After six years of living abroad I am finally getting permanent residency in Spain! This week Javi and I went to the Oficina de Extranjería (immigration/foreigner office) in Cádiz to submit my paperwork. I’ve been able to live and work in Spain (legally) for the last five years thanks to our civil union, but since my residency card expires this year it’s time to apply for permanent residency or choose to become a Spanish citizen.
What’s the difference between Spanish residency vs. Spanish citizenship?
A couple of people have asked me why I’m not applying for Spanish citizenship. As far as I can tell, there isn’t a huge advantage to getting Spanish citizenship versus permanent residency. In order to become a Spanish citizen I must renounce my American citizenship, which is not something I want to do. Plus, as a legal resident in Spain I get most of the same benefits as Spanish citizens—the main difference is that I cannot vote in European elections.
How to get both a work permit and residency in Spain
Javi and I registered our civil union (pareja de hecho) in 2012 in Cádiz. It was a last resort because I needed a work permit like yesterday for a position I was supposed to start the following month. Both mine and Javi’s parents though we were crazy at the time because at that point we had been together for less than a year…but pareja de hecho was the only way I could get a work permit in time to start my new job. I guess it worked out because three years later we got married! 😉
There are a couple of ways Americans can get a work permit and temporary residency in Spain. Keep in mind the duration of your work permit and residency can vary depending on the method you use to get it—for example pareja de hecho lasts five years but a company work visa may only last for the duration of the job you’re hired for.
- You fit the bill for any jobs listed in the Catálogo de Ocupaciones de Dificil Cobertura (which basically means positions that are hard to fill)—in this case the government can help fast-track processing your work visa.
- A company requests a work visa on your behalf—while you wait at home in the U.S. for six or more months for all the paperwork to get approved and processed.
- You’re in a relationship with a Spaniard and you make it “official” by doing pareja de hecho.
- You marry a Spaniard.
NOTE: It’s important to know that once you’ve lived in Spain legally for five years you can apply for permanent residency. Personally, I think pareja de hecho is the easiest way to go about it. Since your pareja de hecho status lasts five years you can just apply for permanent residency when it expires (which is what I’m doing)!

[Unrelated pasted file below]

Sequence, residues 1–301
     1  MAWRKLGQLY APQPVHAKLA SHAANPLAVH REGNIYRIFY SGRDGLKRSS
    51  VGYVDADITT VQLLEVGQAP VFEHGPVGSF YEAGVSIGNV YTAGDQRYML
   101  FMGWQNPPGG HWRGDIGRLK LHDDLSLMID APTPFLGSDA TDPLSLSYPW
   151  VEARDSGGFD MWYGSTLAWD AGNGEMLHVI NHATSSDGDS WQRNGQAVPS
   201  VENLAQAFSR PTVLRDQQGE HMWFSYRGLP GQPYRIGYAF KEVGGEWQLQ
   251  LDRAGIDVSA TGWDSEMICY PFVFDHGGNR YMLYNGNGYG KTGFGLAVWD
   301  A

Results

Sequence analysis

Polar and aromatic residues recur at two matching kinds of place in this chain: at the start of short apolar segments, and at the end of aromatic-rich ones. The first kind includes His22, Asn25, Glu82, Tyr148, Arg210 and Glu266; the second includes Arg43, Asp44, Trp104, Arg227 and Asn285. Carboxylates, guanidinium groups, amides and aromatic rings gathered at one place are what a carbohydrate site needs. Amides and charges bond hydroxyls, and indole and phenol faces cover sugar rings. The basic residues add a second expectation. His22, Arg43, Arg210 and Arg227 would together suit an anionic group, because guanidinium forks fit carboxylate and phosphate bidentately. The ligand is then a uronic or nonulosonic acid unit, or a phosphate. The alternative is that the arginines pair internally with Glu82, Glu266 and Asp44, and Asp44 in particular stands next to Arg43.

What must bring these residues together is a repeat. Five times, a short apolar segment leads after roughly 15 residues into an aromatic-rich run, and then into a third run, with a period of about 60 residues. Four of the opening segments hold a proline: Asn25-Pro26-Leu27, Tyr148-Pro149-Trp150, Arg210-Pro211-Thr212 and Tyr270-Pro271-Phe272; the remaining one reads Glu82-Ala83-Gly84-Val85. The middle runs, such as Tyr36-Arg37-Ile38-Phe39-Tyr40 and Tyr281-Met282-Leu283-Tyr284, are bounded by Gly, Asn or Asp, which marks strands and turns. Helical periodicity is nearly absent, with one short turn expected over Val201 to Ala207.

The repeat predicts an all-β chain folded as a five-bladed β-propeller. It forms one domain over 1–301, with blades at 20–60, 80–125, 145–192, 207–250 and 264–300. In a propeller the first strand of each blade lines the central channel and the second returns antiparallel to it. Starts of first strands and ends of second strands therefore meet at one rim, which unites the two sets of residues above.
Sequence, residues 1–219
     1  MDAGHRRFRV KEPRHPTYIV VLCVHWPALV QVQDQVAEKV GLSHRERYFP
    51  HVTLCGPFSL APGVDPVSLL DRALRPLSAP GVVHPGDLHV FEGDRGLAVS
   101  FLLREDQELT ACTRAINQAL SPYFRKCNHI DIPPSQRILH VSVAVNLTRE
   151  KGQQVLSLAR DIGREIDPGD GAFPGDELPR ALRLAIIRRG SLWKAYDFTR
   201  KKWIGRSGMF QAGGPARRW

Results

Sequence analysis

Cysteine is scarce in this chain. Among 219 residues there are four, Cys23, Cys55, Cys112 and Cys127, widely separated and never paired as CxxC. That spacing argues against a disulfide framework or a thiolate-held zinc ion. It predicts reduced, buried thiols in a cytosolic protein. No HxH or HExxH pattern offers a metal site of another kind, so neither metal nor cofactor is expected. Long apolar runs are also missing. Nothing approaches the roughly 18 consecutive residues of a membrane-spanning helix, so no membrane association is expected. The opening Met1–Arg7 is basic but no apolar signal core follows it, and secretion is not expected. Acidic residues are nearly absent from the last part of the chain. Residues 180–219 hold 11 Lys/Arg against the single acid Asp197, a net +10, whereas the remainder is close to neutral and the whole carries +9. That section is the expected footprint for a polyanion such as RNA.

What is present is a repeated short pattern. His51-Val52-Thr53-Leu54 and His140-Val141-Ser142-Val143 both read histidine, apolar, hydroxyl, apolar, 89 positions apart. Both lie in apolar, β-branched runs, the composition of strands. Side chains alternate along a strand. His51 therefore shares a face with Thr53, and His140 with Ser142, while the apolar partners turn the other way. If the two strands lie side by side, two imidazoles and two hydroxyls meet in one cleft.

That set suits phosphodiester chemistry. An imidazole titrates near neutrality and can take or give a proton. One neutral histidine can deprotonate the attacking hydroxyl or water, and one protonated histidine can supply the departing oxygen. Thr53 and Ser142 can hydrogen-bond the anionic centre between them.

Part 1: Applying for permanent residency in Spain
Because I’m getting citizenship through my marriage to a Spaniard I need to apply for a Tarjeta de residencia permanente de familiar de ciudadano de la Unión Europea or “permanent residency card by relations to a citizen of the European Union.” According to the website, the documents and items required for the application are:
- Valid passport – and if it’s expired a copy of the its renewal application
- Marriage certificate or pareja de hecho certificate
- 3 recent passport sized photos (color)
- Form “Modelo 790”: the “tasa” or fee form proving I paid 10.71 EUR to process my application
But when we actually showed up to submit my forms this is what I needed:
- Copy of every page of my passport
- Copy of my current NIE (familiar)—NIE means número de identidad de extranjero – i.e. foreigner ID number
- Copy of our marriage certificate
- Form “EX-19”: Solicitud de tarjeta de residencia de familiar de ciudadano de la UE
If you’ve ever dealt with Spanish bureaucracy you’ll know that getting your papers processed has a lot to do with luck. When we first went to the extranjeria office the funcionario (government official) we spoke to told us we needed one thing, and then we went back today the funcionario who “helped” us said we needed another (like a copy of every page of my passport…what?).
You may come across a funcionario who tries to make you supply documents that they can access online like “vida laboral” or proof that you’re financially stable—technically they can’t request this type of paperwork because they’re able to access it online (starting October 2016). In any case, financial stability isn’t a requirement when you’re applying for Tarjeta de residencia permanente de familiar de ciudadano de la Unión Europea. My husband studied law and is a funcionario himself so when they tried to tell me I needed some additional documents he was able to shut them down since he knew exactly what was required and what they could access online. After the encounter he told me the public administration in Spain is still adjusting to the new “electronic system” so this is why they try to request physical documents even though it’s not always necessary or required. Honestly I think we just got a tonta who didn’t actually know what documents I needed, sigh.
My advice is to bring everything they could possibly ask for, including the original documents as well (today they checked my original passport as well as the copy).
Part 2: Getting your residency card
Once the funcionario concluded we had all the correct paperwork she gave me a stamped copy of my application along with an application ID number. Apparently within the next three months we’ll get a text message from the extranjeria office confirming that my paperwork has been processed. Then I’ll need to print my approved application from the SEDE website and go to the comisario (police station in Puerto Real) with 3 passport photos. They said I don’t need to pay any fees but we’ll see about that (lol). I’ll update this post once I’ve gone through the second part of the process. Stay tuned!